January 4, 2009
On January 3, nine of us* from the Seattle area met for our first DIYbio meeting. Over lunch, we introduced ourselves and our passions, discussed some potential projects, possible labspaces, safety concerns, public perception, future meetings, and a host of other DIYbio-related issues. We’re going to try to figure out a suitable place to host our wetlab exploits; I’ll be contacting a few people at the University of Washington this coming week about using their facilities. However, there was also a lot of interest about working on the computational and informatics side of things, which would be really cool. Scott suggested designing a novel protein, which would be a computationally-intense task, but UW has a supercluster that we might be able get some time on. Another great idea for a project was to implement additional safeguards into an organism (suicide genes, exotic food source, etc), which would be practical for both safety’s-sake and also for favorable public response. We didn’t go into details with these potential projects though, and I think we’ll flesh these ideas out more at the next meeting.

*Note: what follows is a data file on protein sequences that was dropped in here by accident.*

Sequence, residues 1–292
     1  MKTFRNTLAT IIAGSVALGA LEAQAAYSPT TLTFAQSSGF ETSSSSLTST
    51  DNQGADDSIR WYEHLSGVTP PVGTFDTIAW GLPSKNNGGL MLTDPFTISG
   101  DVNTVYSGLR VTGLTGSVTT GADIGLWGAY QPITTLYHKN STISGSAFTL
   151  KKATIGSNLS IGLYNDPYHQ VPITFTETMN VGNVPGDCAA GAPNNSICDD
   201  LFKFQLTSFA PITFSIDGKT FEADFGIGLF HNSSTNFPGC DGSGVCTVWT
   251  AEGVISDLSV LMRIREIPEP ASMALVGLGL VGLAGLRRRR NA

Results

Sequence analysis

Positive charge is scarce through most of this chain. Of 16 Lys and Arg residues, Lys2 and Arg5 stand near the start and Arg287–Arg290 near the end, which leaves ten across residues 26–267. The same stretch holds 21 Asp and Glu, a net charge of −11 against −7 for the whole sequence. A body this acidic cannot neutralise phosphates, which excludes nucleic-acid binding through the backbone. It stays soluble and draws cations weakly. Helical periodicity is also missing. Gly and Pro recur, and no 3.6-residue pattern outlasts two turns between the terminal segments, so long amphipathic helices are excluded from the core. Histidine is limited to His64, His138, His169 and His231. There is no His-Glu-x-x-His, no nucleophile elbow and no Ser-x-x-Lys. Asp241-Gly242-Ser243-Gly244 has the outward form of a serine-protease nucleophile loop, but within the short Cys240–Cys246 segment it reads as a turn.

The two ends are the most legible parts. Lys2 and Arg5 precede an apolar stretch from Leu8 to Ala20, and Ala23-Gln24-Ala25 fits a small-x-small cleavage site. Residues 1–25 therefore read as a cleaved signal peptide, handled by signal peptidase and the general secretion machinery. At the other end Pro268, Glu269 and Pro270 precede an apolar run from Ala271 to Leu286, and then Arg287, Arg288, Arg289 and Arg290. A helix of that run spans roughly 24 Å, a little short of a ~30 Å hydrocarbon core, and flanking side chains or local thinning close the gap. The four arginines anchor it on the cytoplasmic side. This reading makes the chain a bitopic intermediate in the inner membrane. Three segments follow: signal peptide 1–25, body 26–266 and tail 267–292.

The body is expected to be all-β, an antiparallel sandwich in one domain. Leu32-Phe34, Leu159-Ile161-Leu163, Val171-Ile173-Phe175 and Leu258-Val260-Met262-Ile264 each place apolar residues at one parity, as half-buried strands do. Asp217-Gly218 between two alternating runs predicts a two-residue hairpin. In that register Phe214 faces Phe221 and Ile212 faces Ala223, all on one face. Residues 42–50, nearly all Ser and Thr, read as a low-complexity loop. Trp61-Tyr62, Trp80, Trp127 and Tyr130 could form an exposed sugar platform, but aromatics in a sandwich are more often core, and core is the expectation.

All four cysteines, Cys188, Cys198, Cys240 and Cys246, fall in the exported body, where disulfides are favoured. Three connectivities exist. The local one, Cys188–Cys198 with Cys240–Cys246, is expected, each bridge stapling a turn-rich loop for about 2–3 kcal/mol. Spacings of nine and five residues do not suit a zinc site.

Considering there were people that couldn’t make the meeting and likely many more who will want to join in next time, we decided the interest-level warranted a DIYbio-Seattle group. Don’t freak out! I know that earlier there was some worry that city-specific groups would splinter the DIYbio community, but this Seattle group is for organizing meetings, lab availability, and other local issues that shouldn’t be spammed to 426 people (and counting). Especially with all the traffic DIYbio has seen in the past few weeks, nobody needs an extra 20 messages about directions to a meetup.
All in all, DIYbio Seattle’s first meeting was a huge success! Sandy Porter blogged about it over at Digital Bio, if you want to read more. As for our second meeting, it would be cool to follow the footsteps of those before us and do a DNA-extraction party in a few weeks. It’s safe, fun, requires alcohol, and would be a great way to get more people involved. So thanks to everybody who showed up, and to the rest of the worldwide DIYbio community. This group really is a great bunch of people, and it’s awesome meeting others excited about homebrew biology, amateur science, and spreading this love far and wide.
*James Yang, Scott Kerr, Bryan Bartley, Ingrid Swanson, Randy Hall, Max Berry, Sandy Porter, Todd Smith, and me.